REVIEW: Willkommen, Bienvenue And Welcome To A Bunch Of Highly Talented Students: Arabesque School of Performing Arts, Chichester.

0
Have your say

For most of us, any mention of the word ‘Cabaret’ brings to mind an image of Liza Minelli, huge-eyed in bowler-hat, stockings and suspenders, belting out the title song.

It’s an iconic image from a memorable and often chilling musical, set in pre-war Berlin as the Nazis rise to power. It’s a story of corruption and degradation, of crushed dreams and lost innocence, sometimes hard to watch, and always challenging to stage. The eight members of the new sixth form at the Arabesque School of Performing Arts have just performed ‘Cabaret’ – their first ever production – and it was a tour-de-force of brilliant choreography, innovative staging and highly impressive performances . . . with not a bowler-hat in sight.

Performed at the Alexandra Theatre in Bognor Regis on 3rd and 4th June, the Arabesque production of ‘Cabaret’ was bold in its staging. Imagine a raised gantry of bolted scaffolding poles across the back of the stage and reached on either side by a flight of metal steps – this becomes the seedy Kit Kat Klub, the setting for the majority of the action of the musical, with key scenes being played out in front. Below the gantry, centre-stage, a small jazz band sits waiting to play, and before the opening scene begins, the stage is bathed in blue light.

Watching the opening night of ASPA’s production, it was all but impossible to believe we were watching school students performing – the slickness of the dancing, the confidence of the singers and the extraordinary evocation of period atmosphere were truly professional – a tribute to the teaching staff involved.

And it was not only the staging that was innovative – the casting was bold too. Most of us remember Joel Gray’s extraordinary performance as the diminutive, glittering, reptilian MC in the 1972 film and might be surprised that the Arabesque MC was played by a girl. But Ellie Earl’s portrayal of the role was highly impressive: she has a powerful voice and a confident stage presence, and in her hands this malevolent voyeur became a decadent, bullying, Teutonic martinet – compelling and repelling by turns.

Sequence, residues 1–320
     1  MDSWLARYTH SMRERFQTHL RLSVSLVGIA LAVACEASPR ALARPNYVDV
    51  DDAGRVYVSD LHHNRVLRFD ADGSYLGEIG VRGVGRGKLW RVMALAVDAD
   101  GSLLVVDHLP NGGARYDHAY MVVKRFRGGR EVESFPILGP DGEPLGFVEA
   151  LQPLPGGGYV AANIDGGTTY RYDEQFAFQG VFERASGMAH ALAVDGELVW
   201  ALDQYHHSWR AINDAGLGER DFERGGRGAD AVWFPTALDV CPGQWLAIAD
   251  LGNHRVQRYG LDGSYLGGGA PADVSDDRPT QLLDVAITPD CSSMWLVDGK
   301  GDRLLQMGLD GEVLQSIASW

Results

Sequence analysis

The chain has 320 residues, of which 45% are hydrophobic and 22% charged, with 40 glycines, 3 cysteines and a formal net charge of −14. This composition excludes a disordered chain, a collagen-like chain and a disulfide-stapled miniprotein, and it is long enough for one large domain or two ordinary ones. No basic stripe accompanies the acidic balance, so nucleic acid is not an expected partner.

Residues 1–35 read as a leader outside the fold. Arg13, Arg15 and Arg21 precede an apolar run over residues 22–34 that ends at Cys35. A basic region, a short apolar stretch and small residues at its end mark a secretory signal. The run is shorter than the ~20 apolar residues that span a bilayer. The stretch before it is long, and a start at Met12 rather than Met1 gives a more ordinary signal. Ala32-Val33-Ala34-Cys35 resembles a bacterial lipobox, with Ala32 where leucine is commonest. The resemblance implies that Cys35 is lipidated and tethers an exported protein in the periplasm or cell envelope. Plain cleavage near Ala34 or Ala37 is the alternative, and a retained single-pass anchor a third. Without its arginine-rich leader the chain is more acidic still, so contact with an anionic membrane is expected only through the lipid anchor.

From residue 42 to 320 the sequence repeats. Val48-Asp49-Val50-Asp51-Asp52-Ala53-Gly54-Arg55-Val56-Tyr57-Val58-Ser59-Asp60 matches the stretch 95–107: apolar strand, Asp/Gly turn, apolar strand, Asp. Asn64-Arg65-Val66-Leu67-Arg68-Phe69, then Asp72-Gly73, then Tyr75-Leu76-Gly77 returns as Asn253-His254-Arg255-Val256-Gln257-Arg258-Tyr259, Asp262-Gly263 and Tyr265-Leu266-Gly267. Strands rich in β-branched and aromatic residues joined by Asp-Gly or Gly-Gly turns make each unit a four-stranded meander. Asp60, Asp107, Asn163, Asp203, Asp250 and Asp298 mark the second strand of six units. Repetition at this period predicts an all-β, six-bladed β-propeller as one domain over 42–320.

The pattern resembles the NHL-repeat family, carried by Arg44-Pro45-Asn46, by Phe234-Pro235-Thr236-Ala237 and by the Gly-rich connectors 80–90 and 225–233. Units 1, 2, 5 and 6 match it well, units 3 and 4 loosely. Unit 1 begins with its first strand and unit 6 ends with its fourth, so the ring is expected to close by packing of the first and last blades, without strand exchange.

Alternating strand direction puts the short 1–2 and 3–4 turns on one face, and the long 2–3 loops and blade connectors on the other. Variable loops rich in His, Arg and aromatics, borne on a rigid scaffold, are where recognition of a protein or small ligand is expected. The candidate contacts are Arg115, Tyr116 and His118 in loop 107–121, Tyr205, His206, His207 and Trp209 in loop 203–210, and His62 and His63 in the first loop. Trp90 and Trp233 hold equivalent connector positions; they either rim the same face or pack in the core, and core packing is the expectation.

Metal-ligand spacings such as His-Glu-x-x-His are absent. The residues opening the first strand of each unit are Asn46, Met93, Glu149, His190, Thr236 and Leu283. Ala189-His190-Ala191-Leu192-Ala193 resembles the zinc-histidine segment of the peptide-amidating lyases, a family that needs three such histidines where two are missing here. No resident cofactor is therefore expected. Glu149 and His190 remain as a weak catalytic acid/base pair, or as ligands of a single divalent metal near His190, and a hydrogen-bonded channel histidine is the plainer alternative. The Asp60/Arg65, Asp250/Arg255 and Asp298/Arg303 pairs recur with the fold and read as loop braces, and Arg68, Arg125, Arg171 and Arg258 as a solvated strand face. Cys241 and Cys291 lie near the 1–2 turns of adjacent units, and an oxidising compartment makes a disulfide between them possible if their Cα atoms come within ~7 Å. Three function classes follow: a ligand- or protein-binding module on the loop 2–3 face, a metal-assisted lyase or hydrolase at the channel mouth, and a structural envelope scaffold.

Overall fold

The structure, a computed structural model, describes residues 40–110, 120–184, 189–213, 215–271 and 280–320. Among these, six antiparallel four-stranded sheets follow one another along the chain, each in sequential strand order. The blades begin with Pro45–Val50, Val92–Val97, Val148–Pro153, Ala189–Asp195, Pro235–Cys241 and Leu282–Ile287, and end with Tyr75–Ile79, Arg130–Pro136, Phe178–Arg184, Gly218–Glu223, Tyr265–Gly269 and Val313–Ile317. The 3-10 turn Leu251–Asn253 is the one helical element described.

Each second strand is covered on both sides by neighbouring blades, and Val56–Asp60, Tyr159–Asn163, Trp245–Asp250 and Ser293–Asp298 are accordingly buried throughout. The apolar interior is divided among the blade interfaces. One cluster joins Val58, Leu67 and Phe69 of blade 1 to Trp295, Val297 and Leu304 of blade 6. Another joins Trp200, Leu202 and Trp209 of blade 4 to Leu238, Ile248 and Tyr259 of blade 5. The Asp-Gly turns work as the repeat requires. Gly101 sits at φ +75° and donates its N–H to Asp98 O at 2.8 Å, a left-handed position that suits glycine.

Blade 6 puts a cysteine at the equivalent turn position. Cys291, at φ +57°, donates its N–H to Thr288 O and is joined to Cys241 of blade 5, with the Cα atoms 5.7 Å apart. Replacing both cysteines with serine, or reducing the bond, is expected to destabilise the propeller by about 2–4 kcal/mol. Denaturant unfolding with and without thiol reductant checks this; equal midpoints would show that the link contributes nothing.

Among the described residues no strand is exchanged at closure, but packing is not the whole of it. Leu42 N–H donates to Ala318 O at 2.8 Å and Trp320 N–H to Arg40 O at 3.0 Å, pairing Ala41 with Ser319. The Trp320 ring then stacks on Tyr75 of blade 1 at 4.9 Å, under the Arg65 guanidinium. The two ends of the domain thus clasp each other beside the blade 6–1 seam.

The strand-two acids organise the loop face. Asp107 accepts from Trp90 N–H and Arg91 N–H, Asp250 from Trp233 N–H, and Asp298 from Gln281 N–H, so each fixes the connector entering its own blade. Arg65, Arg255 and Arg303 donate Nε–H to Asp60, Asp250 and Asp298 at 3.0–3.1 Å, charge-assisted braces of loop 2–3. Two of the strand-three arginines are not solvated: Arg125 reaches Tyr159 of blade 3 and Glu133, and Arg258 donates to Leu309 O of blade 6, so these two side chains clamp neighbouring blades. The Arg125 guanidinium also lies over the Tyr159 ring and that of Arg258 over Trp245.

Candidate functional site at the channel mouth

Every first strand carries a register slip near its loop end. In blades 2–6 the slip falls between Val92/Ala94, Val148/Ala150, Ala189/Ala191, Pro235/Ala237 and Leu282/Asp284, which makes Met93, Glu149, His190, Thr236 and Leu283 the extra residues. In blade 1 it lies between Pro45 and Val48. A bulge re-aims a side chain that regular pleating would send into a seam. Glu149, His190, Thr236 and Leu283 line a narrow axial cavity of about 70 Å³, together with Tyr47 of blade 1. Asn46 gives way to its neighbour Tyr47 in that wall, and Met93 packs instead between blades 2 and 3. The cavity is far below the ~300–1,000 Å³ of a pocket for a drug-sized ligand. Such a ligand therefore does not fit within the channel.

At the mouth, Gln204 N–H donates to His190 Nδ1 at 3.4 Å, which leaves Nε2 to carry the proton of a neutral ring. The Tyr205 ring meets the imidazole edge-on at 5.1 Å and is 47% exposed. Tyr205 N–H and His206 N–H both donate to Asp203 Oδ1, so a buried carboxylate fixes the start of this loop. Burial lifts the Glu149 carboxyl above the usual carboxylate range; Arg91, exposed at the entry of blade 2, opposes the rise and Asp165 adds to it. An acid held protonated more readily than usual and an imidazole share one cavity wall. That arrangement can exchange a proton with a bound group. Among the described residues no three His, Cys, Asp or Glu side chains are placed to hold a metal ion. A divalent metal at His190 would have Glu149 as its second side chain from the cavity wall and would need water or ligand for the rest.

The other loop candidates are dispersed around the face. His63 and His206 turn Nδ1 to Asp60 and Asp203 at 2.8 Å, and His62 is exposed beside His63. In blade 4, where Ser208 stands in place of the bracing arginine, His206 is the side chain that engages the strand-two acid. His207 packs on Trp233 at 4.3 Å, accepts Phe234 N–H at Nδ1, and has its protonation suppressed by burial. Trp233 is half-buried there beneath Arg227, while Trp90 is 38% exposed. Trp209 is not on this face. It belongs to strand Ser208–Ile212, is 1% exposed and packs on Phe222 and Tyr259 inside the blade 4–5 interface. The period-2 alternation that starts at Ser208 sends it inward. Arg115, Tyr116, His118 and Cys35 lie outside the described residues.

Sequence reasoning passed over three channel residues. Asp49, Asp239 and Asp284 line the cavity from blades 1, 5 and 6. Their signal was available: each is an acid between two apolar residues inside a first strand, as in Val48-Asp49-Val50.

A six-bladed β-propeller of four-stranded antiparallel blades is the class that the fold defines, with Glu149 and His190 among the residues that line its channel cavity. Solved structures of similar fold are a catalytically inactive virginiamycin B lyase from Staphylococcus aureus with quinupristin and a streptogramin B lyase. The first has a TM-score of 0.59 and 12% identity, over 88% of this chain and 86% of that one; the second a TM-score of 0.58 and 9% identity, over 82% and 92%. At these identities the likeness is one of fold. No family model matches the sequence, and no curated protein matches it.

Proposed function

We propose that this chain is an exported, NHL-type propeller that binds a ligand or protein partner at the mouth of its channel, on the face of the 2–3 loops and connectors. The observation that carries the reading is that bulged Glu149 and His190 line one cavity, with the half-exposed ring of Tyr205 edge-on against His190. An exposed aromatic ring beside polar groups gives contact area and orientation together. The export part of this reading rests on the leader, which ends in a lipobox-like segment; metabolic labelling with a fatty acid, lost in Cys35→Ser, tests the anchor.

Steph Horne’s Sally Bowles was a delight: deliberately very different to Minelli’s iconic film portrayal, Horne played Bowles as brittle, over-exuberant and edgy, with clipped, upper-class vowels. Her big numbers were well sung and impressive. In the play, Sally Bowles builds up and then destroys a relationship with Cliff, an aspiring American writer, played for Arabesque by US student, Mark Tims. Tims’ strong voice and easy stage presence worked well against the jittery Sally, both as their relationship blossomed and then as he fell into disillusion at her refusal to leave the fractured world of the Klub.

This was a truly ensemble performance – from the MC to the unnamed Klub dancers, everyone worked at a consistently professional level. This must have been a truly challenging show to perform: the whole cast remained on stage throughout like a Greek Chorus, and provided throughout a wordless commentary on the dissolving morality of their surroundings through movement and voice. The dancers were lithe and sexy, seedy and chilling by turns, and the extraordinarily evocative choreography showcased their skills.

This is the first performance by ASPA’s new sixth form, who are all studying for a BTEC in Performing Arts, and if this production of ‘Cabaret’ is anything to go by, we have plenty of theatrical treats in store for the future.

Gaby Pritchard